Show simple item record Poloczanska, Elvira S. Burrows, Michael T. Brown, Christopher J. García Molinos, Jorge Halpern, Benjamin S. Hoegh-guldberg, Ove Kappel, Carrie V. Moore, Pippa J. Richardson, Anthony J. Schoeman, David S. Sydeman, William J. 2016-10-27T22:03:00Z 2016-10-27T22:03:00Z 2016-05-04
dc.identifier.citation Poloczanska , E S , Burrows , M T , Brown , C J , García Molinos , J , Halpern , B S , Hoegh-guldberg , O , Kappel , C V , Moore , P J , Richardson , A J , Schoeman , D S & Sydeman , W J 2016 , ' Responses of Marine Organisms to Climate Change across Oceans ' Frontiers in Marine Science , vol. 3 , 62 . en
dc.identifier.issn 2296-7745
dc.identifier.other PURE: 9851452
dc.identifier.other PURE UUID: ee1b027a-19ee-4c84-851b-f0e5b4add48e
dc.identifier.other crossref: 10.3389/fmars.2016.00062
dc.identifier.other Scopus: 85008885237
dc.identifier.other 2160/44003
dc.identifier.other ORCID: /0000-0002-9889-2216/work/61835457
dc.description.abstract Climate change is driving changes in the physical and chemical properties of the ocean that have consequences for marine ecosystems. Here, we review evidence for the responses of marine life to recent climate change across ocean regions, from tropical seas to polar oceans. We consider observed changes in calcification rates, demography, abundance, distribution, and phenology of marine species. We draw on a database of observed climate change impacts on marine species, supplemented with evidence in the Fifth Assessment Report of the Intergovernmental Panel on Climate Change. We discuss factors that limit or facilitate species' responses, such as fishing pressure, the availability of prey, habitat, light and other resources, and dispersal by ocean currents. We find that general trends in species' responses are consistent with expectations from climate change, including shifts in distribution to higher latitudes and to deeper locations, advances in spring phenology, declines in calcification, and increases in the abundance of warm-water species. The volume and type of evidence associated with species responses to climate change is variable across ocean regions and taxonomic groups, with predominance of evidence derived from the heavily-studied north Atlantic Ocean. Most investigations of the impact of climate change being associated with the impacts of changing temperature, with few observations of effects of changing oxygen, wave climate, precipitation (coastal waters), or ocean acidification. Observations of species responses that have been linked to anthropogenic climate change are widespread, but are still lacking for some taxonomic groups (e.g., phytoplankton, benthic invertebrates, marine mammals). en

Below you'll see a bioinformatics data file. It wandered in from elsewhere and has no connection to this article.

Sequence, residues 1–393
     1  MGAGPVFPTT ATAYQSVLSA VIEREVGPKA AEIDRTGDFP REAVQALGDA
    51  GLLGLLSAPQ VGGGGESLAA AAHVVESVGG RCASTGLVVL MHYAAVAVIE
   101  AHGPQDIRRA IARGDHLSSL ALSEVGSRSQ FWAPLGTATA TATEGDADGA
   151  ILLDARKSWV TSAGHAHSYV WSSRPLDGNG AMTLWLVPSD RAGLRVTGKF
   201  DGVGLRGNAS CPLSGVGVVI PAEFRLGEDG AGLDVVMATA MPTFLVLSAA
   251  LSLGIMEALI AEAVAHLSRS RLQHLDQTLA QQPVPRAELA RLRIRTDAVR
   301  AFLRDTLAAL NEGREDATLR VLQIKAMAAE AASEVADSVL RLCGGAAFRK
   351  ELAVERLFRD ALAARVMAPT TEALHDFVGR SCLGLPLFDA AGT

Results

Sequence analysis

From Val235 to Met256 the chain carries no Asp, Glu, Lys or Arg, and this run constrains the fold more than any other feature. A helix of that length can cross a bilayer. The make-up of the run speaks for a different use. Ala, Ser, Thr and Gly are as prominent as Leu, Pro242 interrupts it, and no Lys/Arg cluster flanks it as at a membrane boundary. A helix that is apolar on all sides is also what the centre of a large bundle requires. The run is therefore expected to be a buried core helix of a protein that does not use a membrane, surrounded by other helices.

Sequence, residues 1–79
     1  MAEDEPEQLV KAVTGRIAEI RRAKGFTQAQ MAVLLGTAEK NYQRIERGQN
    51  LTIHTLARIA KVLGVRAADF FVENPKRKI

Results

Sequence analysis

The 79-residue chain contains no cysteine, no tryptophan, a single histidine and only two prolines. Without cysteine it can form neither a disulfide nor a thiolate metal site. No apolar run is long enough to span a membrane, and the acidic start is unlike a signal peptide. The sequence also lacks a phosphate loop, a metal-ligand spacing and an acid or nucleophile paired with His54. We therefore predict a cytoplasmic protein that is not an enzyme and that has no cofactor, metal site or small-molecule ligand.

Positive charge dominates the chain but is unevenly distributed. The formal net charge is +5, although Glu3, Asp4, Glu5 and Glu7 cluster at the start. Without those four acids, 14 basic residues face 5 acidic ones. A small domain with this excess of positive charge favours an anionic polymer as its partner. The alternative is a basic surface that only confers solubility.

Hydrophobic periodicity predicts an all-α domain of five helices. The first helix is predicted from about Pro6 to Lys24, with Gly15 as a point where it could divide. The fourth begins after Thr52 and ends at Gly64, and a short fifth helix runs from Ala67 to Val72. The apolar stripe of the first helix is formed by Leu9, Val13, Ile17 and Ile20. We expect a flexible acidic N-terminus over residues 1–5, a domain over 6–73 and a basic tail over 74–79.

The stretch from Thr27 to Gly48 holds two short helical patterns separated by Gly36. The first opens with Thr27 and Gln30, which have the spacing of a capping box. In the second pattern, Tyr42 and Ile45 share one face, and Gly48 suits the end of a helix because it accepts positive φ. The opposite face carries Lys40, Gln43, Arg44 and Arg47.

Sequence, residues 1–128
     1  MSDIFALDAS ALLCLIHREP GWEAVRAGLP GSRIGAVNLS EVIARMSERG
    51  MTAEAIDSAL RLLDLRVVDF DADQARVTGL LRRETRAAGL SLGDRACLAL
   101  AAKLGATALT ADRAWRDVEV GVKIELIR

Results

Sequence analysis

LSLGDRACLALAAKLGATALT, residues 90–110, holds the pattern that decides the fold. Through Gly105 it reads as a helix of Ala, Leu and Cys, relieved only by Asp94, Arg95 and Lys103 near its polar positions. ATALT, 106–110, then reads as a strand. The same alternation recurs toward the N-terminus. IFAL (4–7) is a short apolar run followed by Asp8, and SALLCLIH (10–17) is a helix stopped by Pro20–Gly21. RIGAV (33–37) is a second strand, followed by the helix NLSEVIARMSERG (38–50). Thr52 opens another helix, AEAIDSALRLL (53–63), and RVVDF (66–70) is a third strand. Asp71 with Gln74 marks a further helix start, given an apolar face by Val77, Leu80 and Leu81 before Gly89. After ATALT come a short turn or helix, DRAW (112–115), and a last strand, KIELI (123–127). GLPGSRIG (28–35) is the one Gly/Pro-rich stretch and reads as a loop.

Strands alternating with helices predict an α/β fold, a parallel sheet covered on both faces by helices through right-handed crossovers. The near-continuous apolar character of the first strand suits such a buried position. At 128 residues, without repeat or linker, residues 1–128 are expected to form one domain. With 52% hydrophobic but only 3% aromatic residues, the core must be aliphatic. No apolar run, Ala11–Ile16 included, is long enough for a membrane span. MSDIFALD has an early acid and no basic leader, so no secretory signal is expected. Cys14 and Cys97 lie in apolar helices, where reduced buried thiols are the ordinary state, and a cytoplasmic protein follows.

dc.language.iso eng
dc.relation.ispartof Frontiers in Marine Science en
dc.rights en
dc.subject climate change en
dc.subject range shifts en
dc.subject phenology en
dc.subject ocean acidifaction en
dc.subject demography en
dc.subject abundance en
dc.title Responses of Marine Organisms to Climate Change across Oceans en
dc.type /dk/atira/pure/researchoutput/researchoutputtypes/contributiontojournal/article en
dc.description.version publishersversion en
dc.contributor.institution Department of Biological, Environmental and Rural Sciences en
dc.description.status Peer reviewed en

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